Who is Twitchy Woman?
I’m an attorney with an interest in disability and civil rights law. I’ve always been visibly “weird” and, over the past two decades, I’ve collected a variety of different diagnoses, including with Tic Disorder, OCD, ADHD, and, most recently, Asperger’s. I’m still coming to terms with what all those labels mean to my life and how they relate to each other; in the meantime, I like the term “weird” as an appropriate catch-all description.
I have a cat. I like to knit. I go into swoons over music by the Smiths, the Mountain Goats, the Pet Shop Boys, and obscure Czech punk bands. I think I may actually be both Liz Lemon and Annie Hall.
What is “WeirdLaw”?
Weirdlaw mostly focuses on the following topics:
- being weird – when you’ve lived your life knowing you had some sort of disability but not knowing what to call it, getting a diagnosis that actually fits can be liberating and scary. It’s exciting to be become part of an identity community filled with people who are weird in the same ways you are, and I intend to talk about that. A lot.
- practicing law while weird – A lot has been written about how people on the autism spectrum can be successful programmers, scientists, artists, and academics, but you don’t often hear of them becoming attorneys. The legal profession is, as a cultural matter, often not very disability-friendly, and there are very few attorneys who are open about having neurological or psychiatric disabilities, especially autism spectrum disorders. I do luckily have very understanding and supportive co-workers – and a degree from Harvard – but I still sometimes feel like I’m the only lawyer in the world who has my particular quirks.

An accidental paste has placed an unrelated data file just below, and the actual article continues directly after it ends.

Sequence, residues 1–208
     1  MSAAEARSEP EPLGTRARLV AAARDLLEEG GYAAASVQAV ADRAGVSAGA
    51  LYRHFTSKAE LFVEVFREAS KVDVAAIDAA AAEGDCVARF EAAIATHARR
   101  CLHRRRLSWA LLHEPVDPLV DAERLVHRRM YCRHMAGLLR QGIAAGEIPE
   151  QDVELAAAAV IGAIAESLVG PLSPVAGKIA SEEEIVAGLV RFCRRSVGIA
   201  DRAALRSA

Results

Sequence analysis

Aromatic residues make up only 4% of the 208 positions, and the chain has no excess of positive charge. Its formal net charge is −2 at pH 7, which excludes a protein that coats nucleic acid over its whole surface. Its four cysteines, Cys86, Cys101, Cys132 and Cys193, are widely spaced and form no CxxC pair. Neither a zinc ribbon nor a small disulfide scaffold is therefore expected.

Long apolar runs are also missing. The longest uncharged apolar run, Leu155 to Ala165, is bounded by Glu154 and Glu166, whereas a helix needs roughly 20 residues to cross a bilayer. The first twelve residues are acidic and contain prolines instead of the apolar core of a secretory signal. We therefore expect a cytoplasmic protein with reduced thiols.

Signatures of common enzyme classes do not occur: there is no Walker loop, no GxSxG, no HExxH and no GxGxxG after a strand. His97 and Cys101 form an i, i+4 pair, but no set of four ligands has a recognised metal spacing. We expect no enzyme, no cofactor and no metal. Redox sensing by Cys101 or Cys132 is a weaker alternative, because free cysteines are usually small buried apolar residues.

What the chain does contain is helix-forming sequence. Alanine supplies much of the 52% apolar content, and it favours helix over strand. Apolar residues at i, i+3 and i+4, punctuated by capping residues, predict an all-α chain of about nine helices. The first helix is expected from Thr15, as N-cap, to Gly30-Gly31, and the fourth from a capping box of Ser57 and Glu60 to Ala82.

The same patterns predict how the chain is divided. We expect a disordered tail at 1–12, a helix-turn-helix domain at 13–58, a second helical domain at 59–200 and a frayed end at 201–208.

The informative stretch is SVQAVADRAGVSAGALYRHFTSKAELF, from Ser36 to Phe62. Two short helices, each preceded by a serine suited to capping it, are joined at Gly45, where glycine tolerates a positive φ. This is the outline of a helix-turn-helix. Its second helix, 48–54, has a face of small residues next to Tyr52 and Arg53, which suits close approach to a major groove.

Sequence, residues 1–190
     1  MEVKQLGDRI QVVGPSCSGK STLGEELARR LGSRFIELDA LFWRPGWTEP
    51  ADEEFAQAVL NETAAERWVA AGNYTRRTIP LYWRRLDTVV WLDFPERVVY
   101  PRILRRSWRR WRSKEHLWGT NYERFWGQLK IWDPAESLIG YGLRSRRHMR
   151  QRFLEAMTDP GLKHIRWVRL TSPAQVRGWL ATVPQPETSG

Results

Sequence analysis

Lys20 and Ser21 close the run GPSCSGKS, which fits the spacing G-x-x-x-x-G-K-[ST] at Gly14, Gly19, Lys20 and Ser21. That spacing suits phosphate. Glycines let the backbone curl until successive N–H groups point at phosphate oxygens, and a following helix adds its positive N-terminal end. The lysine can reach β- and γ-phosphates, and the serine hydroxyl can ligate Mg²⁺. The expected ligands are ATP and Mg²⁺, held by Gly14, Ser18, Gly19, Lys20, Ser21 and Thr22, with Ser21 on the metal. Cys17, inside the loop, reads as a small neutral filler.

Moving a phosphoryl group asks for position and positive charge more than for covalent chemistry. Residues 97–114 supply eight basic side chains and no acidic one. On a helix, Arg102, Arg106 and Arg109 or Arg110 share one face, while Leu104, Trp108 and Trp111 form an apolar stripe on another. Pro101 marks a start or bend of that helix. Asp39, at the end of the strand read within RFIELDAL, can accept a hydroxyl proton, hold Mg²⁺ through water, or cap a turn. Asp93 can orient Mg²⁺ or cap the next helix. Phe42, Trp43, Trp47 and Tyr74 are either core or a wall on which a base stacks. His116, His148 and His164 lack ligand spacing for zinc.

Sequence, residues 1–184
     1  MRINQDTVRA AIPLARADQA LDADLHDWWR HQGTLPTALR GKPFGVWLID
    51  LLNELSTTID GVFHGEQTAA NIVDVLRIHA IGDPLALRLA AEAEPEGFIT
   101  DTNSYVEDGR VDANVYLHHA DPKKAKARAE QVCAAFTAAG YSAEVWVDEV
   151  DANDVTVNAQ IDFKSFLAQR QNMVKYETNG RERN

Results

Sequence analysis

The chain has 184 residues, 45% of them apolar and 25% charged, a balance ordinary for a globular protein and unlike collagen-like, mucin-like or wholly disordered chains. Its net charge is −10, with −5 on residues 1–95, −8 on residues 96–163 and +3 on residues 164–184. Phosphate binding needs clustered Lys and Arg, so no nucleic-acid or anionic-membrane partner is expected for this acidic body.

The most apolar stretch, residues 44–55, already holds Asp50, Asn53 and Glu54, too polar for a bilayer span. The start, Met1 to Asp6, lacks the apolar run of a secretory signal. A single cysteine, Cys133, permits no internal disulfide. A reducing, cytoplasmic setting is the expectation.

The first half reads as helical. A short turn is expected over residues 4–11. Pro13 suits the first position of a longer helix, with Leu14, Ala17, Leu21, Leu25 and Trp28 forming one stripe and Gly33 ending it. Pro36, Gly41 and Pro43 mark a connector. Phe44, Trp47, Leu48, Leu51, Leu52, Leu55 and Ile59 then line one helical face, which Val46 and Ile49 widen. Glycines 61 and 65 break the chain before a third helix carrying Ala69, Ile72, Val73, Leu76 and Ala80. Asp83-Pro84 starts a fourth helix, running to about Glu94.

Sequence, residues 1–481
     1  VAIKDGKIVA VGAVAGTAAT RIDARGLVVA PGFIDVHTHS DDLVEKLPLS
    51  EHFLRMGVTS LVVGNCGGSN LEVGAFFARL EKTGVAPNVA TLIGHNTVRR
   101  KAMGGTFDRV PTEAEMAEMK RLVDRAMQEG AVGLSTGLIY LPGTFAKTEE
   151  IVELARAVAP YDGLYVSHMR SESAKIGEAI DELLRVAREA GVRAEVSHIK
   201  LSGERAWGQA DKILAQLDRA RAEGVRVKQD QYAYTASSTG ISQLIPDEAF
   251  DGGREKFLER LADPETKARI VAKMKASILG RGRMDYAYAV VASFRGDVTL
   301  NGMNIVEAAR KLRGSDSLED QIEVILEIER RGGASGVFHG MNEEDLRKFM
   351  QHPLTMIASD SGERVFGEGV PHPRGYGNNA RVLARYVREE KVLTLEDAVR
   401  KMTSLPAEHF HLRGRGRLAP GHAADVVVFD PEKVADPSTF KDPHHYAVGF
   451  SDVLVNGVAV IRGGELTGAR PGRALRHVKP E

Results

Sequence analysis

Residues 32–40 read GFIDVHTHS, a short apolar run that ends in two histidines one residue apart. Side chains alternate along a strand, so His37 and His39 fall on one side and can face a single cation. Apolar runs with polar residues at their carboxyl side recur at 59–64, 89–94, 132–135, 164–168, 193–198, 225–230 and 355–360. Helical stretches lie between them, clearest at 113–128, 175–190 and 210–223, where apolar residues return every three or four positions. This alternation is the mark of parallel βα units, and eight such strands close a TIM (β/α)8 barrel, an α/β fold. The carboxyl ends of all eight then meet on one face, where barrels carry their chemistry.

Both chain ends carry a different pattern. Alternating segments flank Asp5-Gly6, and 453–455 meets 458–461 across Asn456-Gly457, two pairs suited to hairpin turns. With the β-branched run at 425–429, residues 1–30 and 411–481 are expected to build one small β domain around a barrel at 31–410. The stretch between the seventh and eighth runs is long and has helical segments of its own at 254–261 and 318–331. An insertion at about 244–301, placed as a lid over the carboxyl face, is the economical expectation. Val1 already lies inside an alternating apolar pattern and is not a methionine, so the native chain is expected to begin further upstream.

- the law as applied to “weird” people – that is, individuals whom the law has marked as somehow “different” and/or who don’t quite fit the legal system’s assumptions about what situations people are normally in and how people normally behave. My primary academic interest is analyzing and critiquing the way that the law either misunderstands or ignores different populations, and the often devastating effect this can have on people. At worst, people who are mentally or situationally outside the norm may be treated as falling outside the legal order altogether and thus targeted for special legal disabilities or even exclusion from society.
Can I tell you about this legal problem I’ve been having?
If you’re mainly interested in alerting me to a legal issue that I can then blog about, then by all means do. I love hearing about how the legal system plays out in individual cases and trying to think of ways that it could work better for people.
PLEASE do not ask me for advice, ask me to represent you, or ask me to help you find a lawyer. I am probably not licensed to practice in your state and I’m not qualified or even allowed to advise people on what the law is in other states. Even if I am licensed to practice in your state, I work for a nonprofit and can’t take on clients outside of work. And I really actually don’t know that many good lawyers who represent individuals. If you do ask me for help of some kind with your legal issue, I will feel sad because I won’t really be able to help.
Similarly, please remember that I do not check my blog posts for accuracy to the same degree that I check the legal work for which I’m actually paid. As a result, please don’t rely on anything I say about the law as if it were legal advice. Either consult with a lawyer or with materials specifically aimed at non-lawyers seeking to know more about the law.